Commentary: Education is just one way that opera can draw new audiences
Keith Cerny, General Director and CEO of The Dallas Opera, TheaterJones.com, 4/8/12
Many leaders in the opera field, including myself, are regularly asked the question, "How can we develop the 'new' audience?" Younger audiences, unsurprisingly, want to see their own cultural milieu reflected on stage, which tends to lead them towards newer experiences than operatic staples (at least until they develop a taste for the art form over time). Encouragingly, there is a ferment of exploration going on in the U.S. (and Europe, as companies wrestle with the looming impact of reduced government funding). From my perspective, some notable recent examples include:
> The Metropolitan opera's HD broadcasts
> Showcasing opera outside the opera house
> Exploring new performance spaces
> Experimenting with new types of repertoire
> Rethinking community events
> Building bridges with different communities
> Collaborating with stage and film directors
> Re-imagining education programs
As we approach the opening night of TDO's production of Mozart's The Magic Flute, I am reminded that the work was written over 200 years ago - composed at least, in part, in response to a desire to attract a wider, less elite audience. I believe that as long as opera is performed before enthusiastic live audiences, and companies like the Dallas Opera are delivering what we are capable of, this quest to expand, engage, and refresh our audiences will continue to have vital meaning for us all.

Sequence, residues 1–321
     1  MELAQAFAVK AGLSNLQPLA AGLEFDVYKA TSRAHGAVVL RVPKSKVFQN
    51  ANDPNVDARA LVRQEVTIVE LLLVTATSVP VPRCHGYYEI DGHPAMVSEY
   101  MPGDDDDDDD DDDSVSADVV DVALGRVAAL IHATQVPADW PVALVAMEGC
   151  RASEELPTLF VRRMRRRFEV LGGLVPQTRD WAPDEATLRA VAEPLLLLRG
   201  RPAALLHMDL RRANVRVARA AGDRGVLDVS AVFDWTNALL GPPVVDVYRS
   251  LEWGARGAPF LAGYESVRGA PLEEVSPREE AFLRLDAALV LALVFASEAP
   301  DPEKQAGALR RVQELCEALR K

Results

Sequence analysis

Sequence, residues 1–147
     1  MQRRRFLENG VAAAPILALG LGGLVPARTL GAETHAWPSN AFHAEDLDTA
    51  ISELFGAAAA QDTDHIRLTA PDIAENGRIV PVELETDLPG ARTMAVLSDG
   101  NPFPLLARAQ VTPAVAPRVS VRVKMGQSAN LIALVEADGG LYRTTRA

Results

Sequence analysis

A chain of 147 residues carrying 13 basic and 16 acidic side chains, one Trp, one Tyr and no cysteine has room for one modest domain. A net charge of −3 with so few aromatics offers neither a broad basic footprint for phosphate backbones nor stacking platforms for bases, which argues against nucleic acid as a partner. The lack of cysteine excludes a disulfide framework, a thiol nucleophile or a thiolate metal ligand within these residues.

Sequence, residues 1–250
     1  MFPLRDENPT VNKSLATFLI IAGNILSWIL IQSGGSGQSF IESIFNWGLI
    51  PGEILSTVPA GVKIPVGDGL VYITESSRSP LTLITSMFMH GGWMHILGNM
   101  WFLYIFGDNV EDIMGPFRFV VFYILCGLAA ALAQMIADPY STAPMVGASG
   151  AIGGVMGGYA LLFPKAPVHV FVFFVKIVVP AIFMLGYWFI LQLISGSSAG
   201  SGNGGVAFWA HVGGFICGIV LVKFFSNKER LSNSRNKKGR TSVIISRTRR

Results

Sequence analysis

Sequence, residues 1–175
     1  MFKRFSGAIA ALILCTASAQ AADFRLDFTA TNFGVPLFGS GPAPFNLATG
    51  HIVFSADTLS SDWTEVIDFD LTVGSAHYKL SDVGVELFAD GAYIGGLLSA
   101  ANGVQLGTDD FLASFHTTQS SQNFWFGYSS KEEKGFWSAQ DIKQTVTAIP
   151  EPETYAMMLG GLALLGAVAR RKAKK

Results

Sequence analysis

Commentary: For most theaters, education is an afterthought -- what can be done?
Playwright/director/actor Sean Christopher Lewis on his blog, 11/11/11
I have worked at many theaters, visited numerous others and most theater education is, well, not good. Many grants received for theater education have a fraction given to the ed. department and the rest goes elsewhere. Then actors and directors who would never work on that theater's main stage are hired and a script cut from numerous other plays or written by a playwright the theater wouldn't hire is put together and toured. It is usually an afterthought for anyone not in the education department. What many theaters don't realize is their education department is really a stealth development department. It develops and builds audience from the students reached and their teachers and beyond. It is your most public wing because, sadly, for many theaters it is the main amount of time that your work goes out into the community without the community coming to you. Why would you not treat it as such? At Working Group we are working with Hancher Auditorium on a new model that has sent me into multiple classrooms (none of them theater -- history, sociology, psychology and more) to interweave performances, interviews I've done, and my general experience to the professor's lecture to create a seamless mode by which the students have their lesson plan demonstrated and truly brought to life. It's some of the most exciting work I've done because it gives a true validation and vitality to the work I have committed myself to.